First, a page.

Approaches for Modelling the Residual Service Life of Marine Concrete Structures

International Journal of Corrosion. 2014;2014 DOI 10.1155/2014/432472

 

Journal Homepage

Journal Title: International Journal of Corrosion

ISSN: 1687-9325 (Print); 1687-9333 (Online)

Publisher: Hindawi Publishing Corporation

LCC Subject Category: Technology: Electrical engineering. Electronics. Nuclear engineering: Materials of engineering and construction. Mechanics of materials

Country of publisher: Egypt

Language of fulltext: English

Full-text formats available: PDF, HTML, ePUB, XML

 

AUTHORS

Amir Rahimi (Federal Waterways Engineering and Research Institute (BAW), 76187 Karlsruhe, Germany)
Christoph Gehlen (Centre for Building Materials (CBM), Technische Universit√§t M√ľnchen, 81245 Munich, Germany)
Thorsten Reschke (Federal Waterways Engineering and Research Institute (BAW), 76187 Karlsruhe, Germany)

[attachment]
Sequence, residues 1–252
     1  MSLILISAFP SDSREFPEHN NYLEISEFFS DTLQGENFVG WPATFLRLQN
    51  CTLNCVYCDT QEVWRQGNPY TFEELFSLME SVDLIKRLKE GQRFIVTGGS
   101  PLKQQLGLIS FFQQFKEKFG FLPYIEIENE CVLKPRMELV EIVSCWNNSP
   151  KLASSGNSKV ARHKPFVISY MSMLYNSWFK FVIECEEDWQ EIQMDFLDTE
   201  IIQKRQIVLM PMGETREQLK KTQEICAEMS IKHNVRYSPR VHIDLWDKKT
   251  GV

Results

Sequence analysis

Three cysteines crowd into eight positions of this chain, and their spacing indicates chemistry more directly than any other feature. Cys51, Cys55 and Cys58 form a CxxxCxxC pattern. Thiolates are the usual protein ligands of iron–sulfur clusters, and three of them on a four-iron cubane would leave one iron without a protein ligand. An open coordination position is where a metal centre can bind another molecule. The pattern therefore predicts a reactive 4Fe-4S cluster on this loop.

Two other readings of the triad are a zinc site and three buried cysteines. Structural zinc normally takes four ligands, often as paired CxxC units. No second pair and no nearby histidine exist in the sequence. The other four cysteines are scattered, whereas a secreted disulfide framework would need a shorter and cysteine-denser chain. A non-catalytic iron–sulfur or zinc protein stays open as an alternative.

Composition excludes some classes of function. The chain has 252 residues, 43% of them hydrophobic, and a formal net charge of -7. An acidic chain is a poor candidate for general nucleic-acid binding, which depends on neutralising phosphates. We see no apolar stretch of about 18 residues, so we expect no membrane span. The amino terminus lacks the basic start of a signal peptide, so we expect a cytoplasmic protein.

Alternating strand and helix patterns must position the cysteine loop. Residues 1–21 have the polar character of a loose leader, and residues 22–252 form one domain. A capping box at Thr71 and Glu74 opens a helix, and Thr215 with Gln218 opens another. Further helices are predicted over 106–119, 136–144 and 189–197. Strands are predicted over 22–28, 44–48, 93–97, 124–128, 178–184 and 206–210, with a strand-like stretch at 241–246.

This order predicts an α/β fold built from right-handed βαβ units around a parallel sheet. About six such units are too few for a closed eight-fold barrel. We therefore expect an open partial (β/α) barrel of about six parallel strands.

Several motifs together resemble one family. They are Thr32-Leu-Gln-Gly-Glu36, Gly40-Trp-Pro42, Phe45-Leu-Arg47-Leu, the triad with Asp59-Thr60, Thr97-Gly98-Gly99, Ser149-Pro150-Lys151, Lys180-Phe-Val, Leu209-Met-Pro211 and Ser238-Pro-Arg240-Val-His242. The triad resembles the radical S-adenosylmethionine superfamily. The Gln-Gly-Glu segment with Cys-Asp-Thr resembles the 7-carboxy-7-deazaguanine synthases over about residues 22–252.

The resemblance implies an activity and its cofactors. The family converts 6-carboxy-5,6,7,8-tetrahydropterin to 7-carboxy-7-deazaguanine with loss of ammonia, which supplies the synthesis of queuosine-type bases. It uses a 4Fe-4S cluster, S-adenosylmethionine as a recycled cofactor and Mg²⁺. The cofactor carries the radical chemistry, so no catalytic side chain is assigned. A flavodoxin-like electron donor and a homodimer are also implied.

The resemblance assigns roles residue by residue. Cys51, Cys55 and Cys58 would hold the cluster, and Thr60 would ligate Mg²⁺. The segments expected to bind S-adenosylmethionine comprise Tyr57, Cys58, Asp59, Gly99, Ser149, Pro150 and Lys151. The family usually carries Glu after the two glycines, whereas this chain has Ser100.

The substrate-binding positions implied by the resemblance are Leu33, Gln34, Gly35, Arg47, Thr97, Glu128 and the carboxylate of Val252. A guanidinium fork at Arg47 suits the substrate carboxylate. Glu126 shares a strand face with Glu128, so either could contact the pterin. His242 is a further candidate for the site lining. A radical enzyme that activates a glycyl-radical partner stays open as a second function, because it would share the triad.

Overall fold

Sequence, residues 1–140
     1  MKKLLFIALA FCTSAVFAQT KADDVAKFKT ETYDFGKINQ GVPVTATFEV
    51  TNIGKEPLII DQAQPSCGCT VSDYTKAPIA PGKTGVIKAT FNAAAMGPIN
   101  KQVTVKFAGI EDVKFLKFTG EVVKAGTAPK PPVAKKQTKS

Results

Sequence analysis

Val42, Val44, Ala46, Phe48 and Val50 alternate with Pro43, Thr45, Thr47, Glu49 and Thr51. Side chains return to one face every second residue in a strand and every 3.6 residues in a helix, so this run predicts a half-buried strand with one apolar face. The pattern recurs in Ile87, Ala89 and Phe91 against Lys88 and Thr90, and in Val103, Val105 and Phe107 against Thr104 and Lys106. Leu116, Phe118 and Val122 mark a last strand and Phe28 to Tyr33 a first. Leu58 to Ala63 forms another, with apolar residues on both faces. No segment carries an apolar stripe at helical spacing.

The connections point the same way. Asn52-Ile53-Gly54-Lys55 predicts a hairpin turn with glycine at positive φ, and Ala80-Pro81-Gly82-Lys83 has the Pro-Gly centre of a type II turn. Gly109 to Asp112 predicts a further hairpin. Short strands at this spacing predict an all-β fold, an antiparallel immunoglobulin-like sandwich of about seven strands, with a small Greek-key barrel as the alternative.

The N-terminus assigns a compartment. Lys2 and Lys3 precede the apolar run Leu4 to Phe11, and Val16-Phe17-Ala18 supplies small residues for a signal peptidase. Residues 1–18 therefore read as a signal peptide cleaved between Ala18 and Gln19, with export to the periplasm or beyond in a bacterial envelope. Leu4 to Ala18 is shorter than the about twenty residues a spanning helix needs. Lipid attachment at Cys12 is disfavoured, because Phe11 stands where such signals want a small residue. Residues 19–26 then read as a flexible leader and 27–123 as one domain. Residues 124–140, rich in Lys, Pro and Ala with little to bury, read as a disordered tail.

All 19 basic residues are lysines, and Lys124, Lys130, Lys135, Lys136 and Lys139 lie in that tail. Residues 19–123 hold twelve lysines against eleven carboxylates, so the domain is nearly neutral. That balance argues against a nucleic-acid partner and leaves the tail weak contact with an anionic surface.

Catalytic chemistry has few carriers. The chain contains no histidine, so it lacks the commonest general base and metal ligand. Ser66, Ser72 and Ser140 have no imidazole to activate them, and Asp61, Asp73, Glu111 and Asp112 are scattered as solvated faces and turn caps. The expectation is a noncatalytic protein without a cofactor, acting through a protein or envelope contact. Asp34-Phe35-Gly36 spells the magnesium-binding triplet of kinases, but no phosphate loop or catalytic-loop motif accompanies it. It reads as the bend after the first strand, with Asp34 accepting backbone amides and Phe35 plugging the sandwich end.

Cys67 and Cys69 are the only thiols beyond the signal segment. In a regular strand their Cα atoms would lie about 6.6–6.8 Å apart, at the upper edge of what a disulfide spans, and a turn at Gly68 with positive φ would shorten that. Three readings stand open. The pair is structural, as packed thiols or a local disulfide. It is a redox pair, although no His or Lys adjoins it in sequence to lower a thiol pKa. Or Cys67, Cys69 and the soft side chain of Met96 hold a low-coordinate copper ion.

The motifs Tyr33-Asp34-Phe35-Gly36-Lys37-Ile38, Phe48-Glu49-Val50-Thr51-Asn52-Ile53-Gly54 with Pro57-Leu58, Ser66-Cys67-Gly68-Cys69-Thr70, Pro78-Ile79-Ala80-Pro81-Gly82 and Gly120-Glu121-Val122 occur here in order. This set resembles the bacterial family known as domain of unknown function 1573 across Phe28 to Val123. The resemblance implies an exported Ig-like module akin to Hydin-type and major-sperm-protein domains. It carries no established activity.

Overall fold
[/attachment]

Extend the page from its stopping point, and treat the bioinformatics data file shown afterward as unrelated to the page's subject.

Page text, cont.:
Andreas Westendarp (Federal Waterways Engineering and Research Institute (BAW), 76187 Karlsruhe, Germany)

EDITORIAL INFORMATION

Blind peer review

Editorial Board

Instructions for authors

Time From Submission to Publication: 14 weeks

 

Abstract | Full Text

This paper deals with the service life design of existing reinforced concrete structures in a marine environment. The general procedure of condition assessment for estimating the residual service life of structures before a repair measure is illustrated. For assessment of the residual service life of structures which have undergone a repair measure a simplified mathematical model of chloride diffusion in a 2-layer system is presented. Preliminary probabilistic calculations demonstrate the effect of various conditions on the residual service life. First studies of the chloride diffusion in a 2-layer system have been conducted using the finite element method. Results of a long-term exposure test are presented to illustrate the performance of two different repair materials. The distribution of residual chlorides after application of a repair material is being studied in laboratory investigations. The residual chlorides migrate from the concrete layer into the new layer immediately after the repair material has been applied to the concrete member. The content and gradient of residual chlorides, along with the thickness and the chloride ingress resistance of both the remaining and the new layer of cover, will determine the residual service life of the repaired structures.